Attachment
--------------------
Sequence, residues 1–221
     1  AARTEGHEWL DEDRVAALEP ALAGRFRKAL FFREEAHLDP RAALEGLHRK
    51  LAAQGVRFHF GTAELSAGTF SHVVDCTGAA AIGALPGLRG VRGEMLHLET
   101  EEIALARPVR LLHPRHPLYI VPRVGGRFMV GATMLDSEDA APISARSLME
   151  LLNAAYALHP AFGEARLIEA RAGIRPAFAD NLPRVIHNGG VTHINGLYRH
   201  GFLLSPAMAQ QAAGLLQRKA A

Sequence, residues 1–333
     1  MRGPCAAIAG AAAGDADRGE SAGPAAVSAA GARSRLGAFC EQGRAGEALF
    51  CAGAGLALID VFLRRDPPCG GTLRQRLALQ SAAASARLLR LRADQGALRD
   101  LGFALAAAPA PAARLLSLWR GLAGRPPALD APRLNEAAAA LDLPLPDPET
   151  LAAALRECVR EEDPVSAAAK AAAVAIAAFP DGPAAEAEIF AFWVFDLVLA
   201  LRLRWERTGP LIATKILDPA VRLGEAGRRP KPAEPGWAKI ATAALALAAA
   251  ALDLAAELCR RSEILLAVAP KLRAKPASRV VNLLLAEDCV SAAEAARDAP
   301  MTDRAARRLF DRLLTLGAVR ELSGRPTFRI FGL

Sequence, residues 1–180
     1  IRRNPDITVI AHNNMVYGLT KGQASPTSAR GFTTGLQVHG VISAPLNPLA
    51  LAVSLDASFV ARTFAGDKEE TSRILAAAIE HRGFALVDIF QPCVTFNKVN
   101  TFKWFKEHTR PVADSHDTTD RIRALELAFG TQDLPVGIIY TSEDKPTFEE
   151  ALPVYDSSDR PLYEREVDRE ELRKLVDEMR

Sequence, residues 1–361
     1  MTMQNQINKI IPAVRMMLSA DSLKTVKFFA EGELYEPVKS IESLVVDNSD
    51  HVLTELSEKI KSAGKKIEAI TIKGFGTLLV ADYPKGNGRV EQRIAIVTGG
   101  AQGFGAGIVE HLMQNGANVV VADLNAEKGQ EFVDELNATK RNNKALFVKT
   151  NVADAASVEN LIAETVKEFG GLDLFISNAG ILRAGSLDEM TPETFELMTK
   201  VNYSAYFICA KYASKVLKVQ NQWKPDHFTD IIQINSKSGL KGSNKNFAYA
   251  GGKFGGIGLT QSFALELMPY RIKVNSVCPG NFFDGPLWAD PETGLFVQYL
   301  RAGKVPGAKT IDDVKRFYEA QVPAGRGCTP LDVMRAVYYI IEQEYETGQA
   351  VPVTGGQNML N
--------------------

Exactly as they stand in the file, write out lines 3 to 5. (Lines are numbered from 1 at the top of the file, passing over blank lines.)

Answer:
    51  LAAQGVRFHF GTAELSAGTF SHVVDCTGAA AIGALPGLRG VRGEMLHLET
   101  EEIALARPVR LLHPRHPLYI VPRVGGRFMV GATMLDSEDA APISARSLME
   151  LLNAAYALHP AFGEARLIEA RAGIRPAFAD NLPRVIHNGG VTHINGLYRH